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Coping With Extreme Changes

Coping With Extreme Changes

CSU student studying in a cafe in Wagga Wagga.
CSU student studying in a cafe in Wagga Wagga. Image: OFS.

This blog is based on information from a book by psychologist and environment scientist, Bob Doppelt and a Deakin University article by psychologist, Dr. Carmel Sivaratnam.

In times of global stress, whether it be caused by COVID-19 or climate change, it is important to have a mental pathway or route to follow and stay focused on the positives.

Without this established direction our mental state could be subject to instability and negativity. Here is a basic guide to creating that pathway for your wellbeing.

  1. Accept the change: the first step is to accept that the change is real and more than likely out of your control. Accepting what you can and cannot control is important, try not to waste your energy and time worrying about something that is going to happen regardless of your actions. That way you can focus on the things that you can control, the effects of the change perhaps.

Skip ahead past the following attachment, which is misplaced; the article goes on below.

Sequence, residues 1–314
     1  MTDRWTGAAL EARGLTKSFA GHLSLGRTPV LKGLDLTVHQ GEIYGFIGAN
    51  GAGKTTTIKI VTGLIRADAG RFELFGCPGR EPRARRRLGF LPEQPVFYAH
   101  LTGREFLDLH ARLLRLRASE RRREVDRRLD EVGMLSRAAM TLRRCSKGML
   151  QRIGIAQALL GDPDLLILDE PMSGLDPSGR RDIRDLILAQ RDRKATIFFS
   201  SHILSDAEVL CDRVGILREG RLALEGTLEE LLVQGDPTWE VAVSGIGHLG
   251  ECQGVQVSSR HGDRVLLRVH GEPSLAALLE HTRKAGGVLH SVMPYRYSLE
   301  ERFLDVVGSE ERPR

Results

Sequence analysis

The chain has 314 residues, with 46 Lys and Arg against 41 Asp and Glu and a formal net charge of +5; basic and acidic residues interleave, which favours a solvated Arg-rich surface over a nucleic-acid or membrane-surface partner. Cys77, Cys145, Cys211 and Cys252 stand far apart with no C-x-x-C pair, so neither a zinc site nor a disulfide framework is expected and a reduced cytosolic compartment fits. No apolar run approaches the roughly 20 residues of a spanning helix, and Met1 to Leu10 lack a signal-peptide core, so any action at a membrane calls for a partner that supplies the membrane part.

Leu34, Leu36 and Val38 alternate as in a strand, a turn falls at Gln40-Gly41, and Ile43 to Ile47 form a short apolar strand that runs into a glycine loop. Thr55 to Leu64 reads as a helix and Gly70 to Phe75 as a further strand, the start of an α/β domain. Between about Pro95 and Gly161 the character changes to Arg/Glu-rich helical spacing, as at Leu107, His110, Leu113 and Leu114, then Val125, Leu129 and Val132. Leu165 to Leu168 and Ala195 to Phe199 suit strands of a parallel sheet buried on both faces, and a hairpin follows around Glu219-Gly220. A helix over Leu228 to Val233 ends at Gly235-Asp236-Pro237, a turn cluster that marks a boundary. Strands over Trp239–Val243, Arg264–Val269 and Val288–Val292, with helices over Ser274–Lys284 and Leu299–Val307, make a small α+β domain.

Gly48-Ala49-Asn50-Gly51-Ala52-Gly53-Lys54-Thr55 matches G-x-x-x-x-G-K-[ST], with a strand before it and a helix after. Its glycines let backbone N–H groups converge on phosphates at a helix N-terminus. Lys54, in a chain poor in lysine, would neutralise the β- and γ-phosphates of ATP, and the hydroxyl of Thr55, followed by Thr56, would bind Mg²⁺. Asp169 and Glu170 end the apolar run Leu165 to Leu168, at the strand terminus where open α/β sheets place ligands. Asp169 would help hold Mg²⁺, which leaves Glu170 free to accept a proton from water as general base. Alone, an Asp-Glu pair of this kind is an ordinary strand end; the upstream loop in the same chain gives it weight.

2. Ground yourself: collect yourself, look at the things that aren’t changing and establish ‘a rock’ that you can turn to when you feel anxious. This can be something unchangeable, love for your parents, your aspirations, your spirituality.
  3. Connect with others experiencing similar changes: you can help yourself and help others by reaching out and just talking about the changes that you are going through. 
  4. Compare and contrast: weigh up the true effect of the change on things that mean a lot to you. Will it make a difference in the long term or just the short term? Will it change the things that are really important? 
  5. Positives: instead of focusing on the bad things that this change will bring, focus on the good things! Rather than dwelling on the past and what you enjoyed about it, think about the future and what new enjoyments you might find. Like Socrates says, “The secret to change is to focus all of your energy not on fighting the old but building the new.” 
  6. Support: identify your support system and don’t be afraid to rely on them for support. Links to Covid-19 mental health help and general psychological wellbeing support lines:

Whenever I feel overwhelmed by certain changes I like to think of all the good changes that have happened in the world, such as women’s rights, education for all and democracy. Without those changes we wouldn’t have the world we have today. Nothing worthwhile ever happened when people stayed in their comfort zones!

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